Diverticulitis is inflammation of a diverticulum, which can result in phlegmon of the bowel wall, peritonitis, perforation, fistula, or abscess. The primary symptom is abdominal pain. Diagnosis is by CT. Treatment is with bowel rest, antibiotics (ciprofloxacin, or a 3rd-generation cephalosporin plus metronidazole), and occasionally surgery.
Diverticulitis occurs when a micro or macro perforation develops in a diverticulum, releasing intestinal bacteria. The resultant inflammation remains localized in about 75% of patients. The remaining 25% may develop abscess, free intraperitoneal perforation, bowel obstruction, or fistulas. The most common fistulas involve the bladder but may also involve the small bowel, uterus, vagina, abdominal wall, or even the thigh.
Diverticulitis is most serious in elderly patients, especially those taking prednisone or other drugs that increase the risk of infection. Nearly all serious diverticulitis occurs in the sigmoid.
Symptoms and Signs
Diverticulitis usually manifests with pain or tenderness in the left lower quadrant of the abdomen and fever. Peritoneal signs (eg, rebound or guarding) may be present, particularly with abscess or free perforation. Fistulas may manifest as pneumaturia, feculent vaginal discharge, or a cutaneous or myofascial infection of the abdominal wall, perineum, or upper leg. Patients with bowel obstruction have nausea, vomiting, and abdominal distention. Bleeding is uncommon.
Clinical suspicion is high in patients with known diverticulosis. However, because other disorders (eg, appendicitis, colon or ovarian cancer) may cause similar symptoms, testing is required. Abdominal CT with oral and IV contrast is preferred, although findings in about 10% of patients cannot be distinguished from colon cancer. Colonoscopy, after resolution of the acute infection, is necessary for definitive diagnosis.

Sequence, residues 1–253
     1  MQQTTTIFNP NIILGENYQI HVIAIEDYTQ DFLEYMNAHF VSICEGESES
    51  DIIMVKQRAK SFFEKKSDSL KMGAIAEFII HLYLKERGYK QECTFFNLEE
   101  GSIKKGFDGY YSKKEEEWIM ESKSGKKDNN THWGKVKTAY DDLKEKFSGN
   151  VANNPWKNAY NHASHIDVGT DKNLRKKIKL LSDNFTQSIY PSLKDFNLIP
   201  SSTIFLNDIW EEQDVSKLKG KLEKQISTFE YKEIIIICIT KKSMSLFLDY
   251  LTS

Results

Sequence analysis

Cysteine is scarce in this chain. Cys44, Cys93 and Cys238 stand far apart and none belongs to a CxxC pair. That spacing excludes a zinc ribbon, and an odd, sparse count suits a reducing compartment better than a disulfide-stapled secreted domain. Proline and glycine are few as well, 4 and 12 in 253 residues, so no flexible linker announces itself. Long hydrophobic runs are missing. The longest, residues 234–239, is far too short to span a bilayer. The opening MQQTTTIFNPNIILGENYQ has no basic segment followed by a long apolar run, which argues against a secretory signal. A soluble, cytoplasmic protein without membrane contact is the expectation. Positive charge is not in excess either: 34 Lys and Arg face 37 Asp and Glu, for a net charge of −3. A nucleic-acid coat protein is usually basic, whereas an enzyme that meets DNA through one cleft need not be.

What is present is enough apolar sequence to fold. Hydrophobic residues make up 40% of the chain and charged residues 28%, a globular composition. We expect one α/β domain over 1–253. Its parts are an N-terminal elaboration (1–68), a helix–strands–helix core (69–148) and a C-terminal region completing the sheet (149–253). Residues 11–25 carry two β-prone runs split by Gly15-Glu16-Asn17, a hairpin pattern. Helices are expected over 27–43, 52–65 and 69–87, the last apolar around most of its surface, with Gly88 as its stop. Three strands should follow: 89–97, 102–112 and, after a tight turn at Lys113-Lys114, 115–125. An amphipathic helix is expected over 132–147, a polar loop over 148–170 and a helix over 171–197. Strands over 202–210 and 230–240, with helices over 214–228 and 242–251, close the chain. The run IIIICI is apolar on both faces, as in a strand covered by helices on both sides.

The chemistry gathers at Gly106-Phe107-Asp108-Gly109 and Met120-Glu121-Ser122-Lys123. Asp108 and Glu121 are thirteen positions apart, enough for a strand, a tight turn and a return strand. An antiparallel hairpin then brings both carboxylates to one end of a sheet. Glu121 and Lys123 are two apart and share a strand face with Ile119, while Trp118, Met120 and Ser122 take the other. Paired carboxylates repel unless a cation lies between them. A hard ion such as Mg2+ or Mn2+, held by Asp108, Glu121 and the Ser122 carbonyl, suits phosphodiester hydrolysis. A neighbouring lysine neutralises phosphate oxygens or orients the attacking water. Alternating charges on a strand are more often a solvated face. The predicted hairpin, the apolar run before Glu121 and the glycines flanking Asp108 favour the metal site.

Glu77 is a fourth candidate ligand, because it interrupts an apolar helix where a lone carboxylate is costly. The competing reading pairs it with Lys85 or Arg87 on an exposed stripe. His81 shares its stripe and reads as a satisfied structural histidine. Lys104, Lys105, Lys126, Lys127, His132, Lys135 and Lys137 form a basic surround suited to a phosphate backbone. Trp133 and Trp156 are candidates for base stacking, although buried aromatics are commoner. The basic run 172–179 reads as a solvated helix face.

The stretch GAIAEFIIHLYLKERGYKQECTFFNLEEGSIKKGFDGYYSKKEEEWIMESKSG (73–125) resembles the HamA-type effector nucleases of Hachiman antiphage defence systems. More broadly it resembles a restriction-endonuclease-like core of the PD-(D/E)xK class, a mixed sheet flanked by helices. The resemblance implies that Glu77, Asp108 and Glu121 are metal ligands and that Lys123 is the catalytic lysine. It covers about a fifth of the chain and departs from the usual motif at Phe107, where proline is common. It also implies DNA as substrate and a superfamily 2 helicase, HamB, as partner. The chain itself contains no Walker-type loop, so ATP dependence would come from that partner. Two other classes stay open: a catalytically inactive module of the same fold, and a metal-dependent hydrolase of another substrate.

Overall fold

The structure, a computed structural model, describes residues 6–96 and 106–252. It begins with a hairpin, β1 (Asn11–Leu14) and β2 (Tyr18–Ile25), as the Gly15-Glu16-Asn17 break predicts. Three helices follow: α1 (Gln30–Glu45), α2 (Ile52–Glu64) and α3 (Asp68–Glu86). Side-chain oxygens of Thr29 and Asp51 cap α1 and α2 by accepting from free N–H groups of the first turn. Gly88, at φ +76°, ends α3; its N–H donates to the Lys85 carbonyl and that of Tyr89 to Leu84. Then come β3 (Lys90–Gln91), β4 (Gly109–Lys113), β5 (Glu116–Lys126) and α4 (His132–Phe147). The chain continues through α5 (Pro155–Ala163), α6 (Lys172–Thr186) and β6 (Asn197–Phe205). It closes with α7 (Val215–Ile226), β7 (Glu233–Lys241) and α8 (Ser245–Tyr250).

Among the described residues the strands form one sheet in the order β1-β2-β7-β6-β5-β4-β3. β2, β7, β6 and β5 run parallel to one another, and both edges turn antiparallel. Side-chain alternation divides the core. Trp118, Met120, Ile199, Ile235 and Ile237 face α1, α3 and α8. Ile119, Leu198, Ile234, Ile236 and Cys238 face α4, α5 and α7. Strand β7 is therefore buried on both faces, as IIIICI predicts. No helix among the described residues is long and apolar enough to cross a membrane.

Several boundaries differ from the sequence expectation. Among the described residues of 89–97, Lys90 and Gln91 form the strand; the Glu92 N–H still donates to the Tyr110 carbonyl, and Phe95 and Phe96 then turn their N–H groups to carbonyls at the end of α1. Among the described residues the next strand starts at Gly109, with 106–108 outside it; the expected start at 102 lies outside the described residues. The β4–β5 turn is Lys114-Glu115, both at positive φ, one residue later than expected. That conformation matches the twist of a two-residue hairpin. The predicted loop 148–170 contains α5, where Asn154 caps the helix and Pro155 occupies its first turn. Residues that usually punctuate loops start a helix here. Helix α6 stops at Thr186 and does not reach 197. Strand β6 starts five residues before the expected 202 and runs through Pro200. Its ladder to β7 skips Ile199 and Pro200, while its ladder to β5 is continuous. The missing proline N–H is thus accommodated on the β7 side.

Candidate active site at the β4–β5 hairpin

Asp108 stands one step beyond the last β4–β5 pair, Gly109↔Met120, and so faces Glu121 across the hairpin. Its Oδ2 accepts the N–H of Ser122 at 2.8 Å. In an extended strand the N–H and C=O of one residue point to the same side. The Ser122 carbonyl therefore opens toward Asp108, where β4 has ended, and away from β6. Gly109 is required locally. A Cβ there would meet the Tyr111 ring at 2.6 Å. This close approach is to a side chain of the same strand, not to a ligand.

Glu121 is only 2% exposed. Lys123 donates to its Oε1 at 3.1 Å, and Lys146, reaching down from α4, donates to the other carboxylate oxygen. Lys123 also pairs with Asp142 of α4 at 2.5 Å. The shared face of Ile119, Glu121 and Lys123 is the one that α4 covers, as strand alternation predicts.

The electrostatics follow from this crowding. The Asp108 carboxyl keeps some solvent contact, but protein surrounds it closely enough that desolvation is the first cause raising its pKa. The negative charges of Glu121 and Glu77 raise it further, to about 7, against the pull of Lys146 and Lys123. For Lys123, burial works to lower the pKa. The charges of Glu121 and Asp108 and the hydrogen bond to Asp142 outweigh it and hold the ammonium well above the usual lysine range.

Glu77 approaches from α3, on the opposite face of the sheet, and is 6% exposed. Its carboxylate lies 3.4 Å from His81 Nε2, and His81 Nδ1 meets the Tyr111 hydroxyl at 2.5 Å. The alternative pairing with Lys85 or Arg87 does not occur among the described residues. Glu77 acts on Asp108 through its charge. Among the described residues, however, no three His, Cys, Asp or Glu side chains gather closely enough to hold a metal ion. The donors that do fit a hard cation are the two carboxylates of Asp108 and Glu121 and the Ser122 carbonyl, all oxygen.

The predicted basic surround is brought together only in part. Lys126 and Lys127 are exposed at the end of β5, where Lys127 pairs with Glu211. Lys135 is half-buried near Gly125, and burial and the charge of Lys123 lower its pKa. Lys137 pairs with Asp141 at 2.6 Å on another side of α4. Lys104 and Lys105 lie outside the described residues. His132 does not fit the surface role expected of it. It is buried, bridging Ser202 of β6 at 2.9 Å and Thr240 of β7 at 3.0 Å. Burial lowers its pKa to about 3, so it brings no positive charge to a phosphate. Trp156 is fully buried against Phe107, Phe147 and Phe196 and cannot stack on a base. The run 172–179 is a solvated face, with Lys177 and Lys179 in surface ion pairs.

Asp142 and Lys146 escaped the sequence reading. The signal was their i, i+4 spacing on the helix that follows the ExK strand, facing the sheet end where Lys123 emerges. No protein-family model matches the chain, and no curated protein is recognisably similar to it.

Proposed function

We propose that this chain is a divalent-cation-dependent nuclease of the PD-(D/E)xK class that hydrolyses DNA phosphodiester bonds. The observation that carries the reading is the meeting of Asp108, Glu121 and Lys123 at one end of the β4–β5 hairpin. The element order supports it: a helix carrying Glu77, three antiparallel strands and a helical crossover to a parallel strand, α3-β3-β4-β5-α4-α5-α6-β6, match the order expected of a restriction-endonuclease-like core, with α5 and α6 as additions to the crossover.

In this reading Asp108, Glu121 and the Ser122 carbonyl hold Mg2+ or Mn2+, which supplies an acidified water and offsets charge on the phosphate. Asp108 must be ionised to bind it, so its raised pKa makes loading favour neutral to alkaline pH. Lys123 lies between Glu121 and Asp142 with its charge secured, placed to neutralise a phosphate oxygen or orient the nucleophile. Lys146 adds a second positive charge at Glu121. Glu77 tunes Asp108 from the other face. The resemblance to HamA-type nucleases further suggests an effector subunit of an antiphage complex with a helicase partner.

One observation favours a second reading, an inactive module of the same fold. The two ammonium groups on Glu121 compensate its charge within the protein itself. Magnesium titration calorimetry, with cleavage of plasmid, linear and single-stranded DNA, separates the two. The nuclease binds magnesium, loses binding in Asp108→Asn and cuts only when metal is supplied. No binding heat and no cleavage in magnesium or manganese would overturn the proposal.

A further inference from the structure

A patient who is not very ill is treated at home with rest, a liquid diet, and oral antibiotics (eg, ciprofloxacin 500 mg bid amoxicillin/clavulanate 500 mg tid plus metronidazole 500 mg qid). Symptoms usually subside rapidly. Some recent data suggest some patients may recover from mild, acute, uncomplicated diverticulitis without antibiotic therapy. The patient gradually advances to a soft low-fiber diet for 4 to 6 wk. The colon should be evaluated after 6 to 8 wk with a colonoscopy or barium enema. After 1 mo, a high-fiber diet is resumed.
Patients with more severe symptoms (eg, pain, fever, marked leukocytosis) should be hospitalized, as should patients taking prednisone (who are at higher risk of perforation and general peritonitis). Treatment is bed rest, npo, IV fluids, and IV antibiotics (eg, ceftazidime 1 g IV q 8 h plus metronidazole 500 mg IV q 6 to 8 h).
About 80% of patients can be treated successfully without surgery. An abscess may respond to percutaneous drainage (CT guided). If response is satisfactory, the patient remains hospitalized until symptoms are relieved and a soft diet is resumed. A colonoscopy or barium enema is done ≥ 4 wk after symptoms have resolved.
Surgery is required immediately for patients with free perforation or general peritonitis and for patients with severe symptoms that do not respond to nonsurgical treatment within 48 h. Increasing pain, tenderness, and fever are other signs that surgery is needed. Surgery should also be considered in patients with any of the following: ≥ 3 previous attacks of mild diverticulitis (or one attack in a patient < 50); a persistent tender mass; clinical, endoscopic, or x-ray signs suggestive of cancer; and dysuria or pneumaturia associated with diverticulitis in men (or in women who have had a hysterectomy) because this symptom may presage fistula formation or perforation into the bladder.
The involved section of the colon is resected. The ends can be reanastomosed immediately in healthy patients without perforation, abscess, or significant inflammation. Other patients have a temporary colostomy with anastomosis carried out in a subsequent operation after inflammation resolves and their general condition improves.
Last full review/revision June 2013 by Michael C. DiMarino, MD
Content last modified November 2013